I cycled across town and was soon locking my pink bicycle to a metal pole near Wat Chedi Luang. I took a fortifying sip from my already warm water and tried to cross the incredibly busy road in order to get to the entrance of the temple. My heart was beating faster than it usually does. I do not like talking to strangers, even less so when I am not sure what their reaction to my questions will be. I slowly walked past the temple and towards the big dark green tree underneath the welcoming shade of which a handful of round stone tables were set up for the monk chat. A few young monks, probably in their early twenties like myself, sat in the shade talking and laughing amongst one another. When they saw me cautiously approaching, one of them smiled at me expectantly and pointed to the stone bench opposite the table from him. I walked over, greeted him with a wai and sat down. Although, according to every single personality test I have ever taken, I am 100% introvert, and do not like to start conversations, especially with strangers, this monk’s presences put me at ease immediately. His smile was so welcoming, comforting and incredibly genuine like no smile I have ever received before. He asked me several questions such as where I was from, how long I would be in Thailand for and other small talk classics. When he wanted to know what brought me to the monk chat, I started to explain to him the dilemma I have been thinking about so often since having arrived in Thailand.

He seemed baffled, almost irritated, that I was even wasting time thinking about something that, to him, seemed to be an absolute no brainer: “How can it be a bad thing?”, he asked, shrugging his shoulders and smiling at me expectantly. This was his simple response to my rather long and complex question as to whether or not he was okay that such a vast amount of Westerners, including me, practice meditation, or any other element of his religion, that has been removed from its original context, without knowing any of the theory supporting these practices, nor even considering that there might be the option to convert.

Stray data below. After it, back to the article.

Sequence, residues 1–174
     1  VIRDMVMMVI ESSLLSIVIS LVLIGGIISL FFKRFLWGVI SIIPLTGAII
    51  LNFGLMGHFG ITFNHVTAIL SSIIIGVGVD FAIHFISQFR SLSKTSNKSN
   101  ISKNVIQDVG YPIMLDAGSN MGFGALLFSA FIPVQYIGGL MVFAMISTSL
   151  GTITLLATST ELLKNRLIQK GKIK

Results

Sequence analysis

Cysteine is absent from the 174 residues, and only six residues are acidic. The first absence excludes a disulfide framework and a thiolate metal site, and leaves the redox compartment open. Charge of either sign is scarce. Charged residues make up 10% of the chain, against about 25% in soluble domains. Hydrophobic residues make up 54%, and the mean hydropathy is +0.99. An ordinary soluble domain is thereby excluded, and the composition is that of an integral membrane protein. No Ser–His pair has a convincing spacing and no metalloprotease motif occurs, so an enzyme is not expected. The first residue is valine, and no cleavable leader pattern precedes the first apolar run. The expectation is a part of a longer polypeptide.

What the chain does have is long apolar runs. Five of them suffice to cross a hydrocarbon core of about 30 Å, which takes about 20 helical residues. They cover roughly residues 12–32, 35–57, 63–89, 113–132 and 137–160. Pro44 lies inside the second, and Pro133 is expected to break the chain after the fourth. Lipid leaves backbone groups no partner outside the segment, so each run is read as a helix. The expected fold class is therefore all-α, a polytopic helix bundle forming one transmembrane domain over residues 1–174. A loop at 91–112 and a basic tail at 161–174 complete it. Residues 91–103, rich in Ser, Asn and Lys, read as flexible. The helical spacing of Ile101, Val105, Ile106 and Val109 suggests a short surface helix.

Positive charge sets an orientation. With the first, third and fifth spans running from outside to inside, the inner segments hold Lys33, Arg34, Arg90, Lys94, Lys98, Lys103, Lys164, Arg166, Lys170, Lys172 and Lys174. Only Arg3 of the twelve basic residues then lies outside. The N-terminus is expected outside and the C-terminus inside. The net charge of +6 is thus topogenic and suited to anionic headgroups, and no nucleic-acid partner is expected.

He understood that my silence meant that I was not satisfied with his simple answer and he went on to offer me a more complex response: “Getting to know yourself, improving yourself, beginning to understand how to be happier, more at peace, how to forgive others and most importantly, forgive yourself, and essentially change your attitude towards other people and towards life, that is not a bad thing, is it?,” he asked me.

I had to smile a bit at myself because what did I expect a Buddhist monk to do other than give me such a kind and simple answer? This inspiring exchange between the monk and myself seemed to just be an interesting conversation between two people, one telling the other how he is so balanced, so calm and at peace and explaining to the other how she can be it too– without ever wanting her to convert but simply with the best intentions for her well-being at heart. Yet, the monk did not value that conversation as a waste of time but seemed to enjoy it so much that he even offered me an ice cold soda.

The reason why he is more than okay with people just learning more about the practical elements of his religion and ignoring the theoretical part is that this ’positive inner shift’, as he described it earlier, ’can only be achieved through practice’. The theory behind the practice and Buddhism as a whole, helps understanding and deepening the practice. ’The theory, however, will not do the meditation for you’, he laughed. So if one wants to work on himself, change his mindset, it is only him who can through practice facilitate this positive shift in his attitude. No books, no studying of any theory can ever replace this practical aspect that is the key to getting to know and change oneself.

During our what seemed hour long conversation, a shy Chinese girl sat onto the bench next to me and started asking questions. He would later explain to me that those are, “the easy questions”; why monks’ robes have different colours and why their heads are shaved. (So if you would like to go to a monk chat and have a seriously inspiring and interesting exchange with a monk, take the tip of an open minded backpacker and google the basics beforehand and try to ask very unexpected questions to spark a unique conversation that both parties can equally enjoy.)

This quick interaction between the Chinese girl and the monk made me realise that I should have never even been concerned about the fact that I seem to know absolutely nothing about Buddhism. Although, I am just one of many young adults that flock to Thailand in masses every year, I realised that there is a huge difference between the attitude, behaviour and self image of every traveller. As long as I apply the principles learned during my meditation practice, have an open mind, am ready to be put to right, ready to forget everything I thought I knew about the culture and religion, am kind, am aware and more importantly, respectful of local customs, I will be one of those Backpackers that are welcomed in the Land of Smiles with, well, a genuine smile.